God keeps His promises. Once upon a time, there lived a man and a woman in the Paradise, in the Garden of Eden, where they were terrifically happy. Their names were Adam and Eve, and God made them. He made them in His image—like little mirrors to reflect His glory. And like everything else God made, He made them good.
But things didn’t stay happy and wonderful for long. One terrible day, Adam and Eve sinned. They ate from the only tree in the garden that God had declared off-limits. Adam and Eve had disobeyed God’s word; they believed the lie of the devilish Snake instead of the truth. Sin became human beings’ default. After sin entered the world, everything fell apart. Nothing was the way it should be. God made Adam and Eve go away from the Garden of Eden. It wasn’t possible for people so bad to live in the presence of a God who is so good. But the story is not over yet.
God made a promise. He promised Adam and Eve that one of their children would someday crush the head of that nasty Snake. The Snake Crusher would put things right. In Genesis 3:15, the Lord said to the serpent these words, “I will put enmity between you and the woman, and between your offspring and hers; he will crush your head, and you will strike his heel.” This is the first promise of a Savior and the first great act of God’s grace towards humanity after our tragic act of rebellion. Through the ages, prophet after prophet, confirmed that promise. Yes, it took a few thousand years to see the fulfilment of the promise, but at the end, Christ was born and won the battle against Satan.
And so we come to a manger in the little town of Bethlehem. This is where we meet the Snake Crusher—born as a baby, with animals and stinky shepherds and singing angels all around. No one understood it completely at that time, but when Mary gave birth to baby Jesus, God was giving His people a new beginning, just as He promised.
Friends, when God says in Hebrews 13:5, “Never will I leave you; never will I forsake you.” When we read this, we should take God at His word. When God says in Romans 8:28, “And we know that in all things God works for the good of those who love him, who have been called according to his purpose.” Often times, our minds may not comprehend how in all things God works for the good of His children, but He said so. In Numbers 23:19 we read these words, “God is not human, that he should lie, not a human being, that he should change his mind. Does he speak and then not act? Does he promise and not fulfill?”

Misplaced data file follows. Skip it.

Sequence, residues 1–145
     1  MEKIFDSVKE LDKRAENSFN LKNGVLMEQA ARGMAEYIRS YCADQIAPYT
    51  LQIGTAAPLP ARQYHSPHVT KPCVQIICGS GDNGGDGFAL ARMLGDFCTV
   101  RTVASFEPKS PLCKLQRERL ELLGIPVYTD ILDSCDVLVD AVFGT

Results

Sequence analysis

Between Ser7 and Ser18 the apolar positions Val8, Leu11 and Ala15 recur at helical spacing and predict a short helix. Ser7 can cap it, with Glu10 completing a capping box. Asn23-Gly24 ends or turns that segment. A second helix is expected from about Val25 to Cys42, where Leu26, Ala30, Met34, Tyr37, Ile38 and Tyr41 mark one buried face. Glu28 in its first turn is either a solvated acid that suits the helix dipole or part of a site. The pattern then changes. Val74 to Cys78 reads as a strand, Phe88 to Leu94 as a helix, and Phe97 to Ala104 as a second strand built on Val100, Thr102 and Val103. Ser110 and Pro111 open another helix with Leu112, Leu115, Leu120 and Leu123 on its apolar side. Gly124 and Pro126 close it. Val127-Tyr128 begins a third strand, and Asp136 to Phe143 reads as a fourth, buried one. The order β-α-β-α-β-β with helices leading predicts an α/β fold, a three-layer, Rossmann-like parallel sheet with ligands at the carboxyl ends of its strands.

Fourth: God’s Ways Are Higher than Our Ways
Christ revealed that God’s thoughts are not our thoughts, neither are our ways His ways. Isaiah 55:9 says, “As the heavens are higher than the earth, so are my ways higher than your ways and my thoughts than your thoughts.”
Who could’ve imagined that a helpless child would be the Savior of the World? Who could’ve imaged that this baby is God in a human form? Who could’ve imagined that the Savior of the world will be born in Bethlehem not Rome? Who could’ve imagined that the Savior will be born in a stable not in a palace? Who could’ve imagined that water will be gushing out of a rock in the wilderness quenching the thirst of God’s people? Friends, what is impossible for people is possible with God. Friends, often times, God’s help comes to us in unexpected ways and at unexpected places. As we celebrate Christmas tonight, let’s remember that Christ is “a light for revelation to the Gentiles.” He revealed that our greatest need is for a Savior. He revealed that in our dark places, His light breaks through. Darkness doesn’t have the final word. Sin doesn’t have the final word. He reveals to us that God keeps His promises. He reveals to us that God’s thoughts are not our thoughts, neither are our ways His ways. Merry Christmas, friends.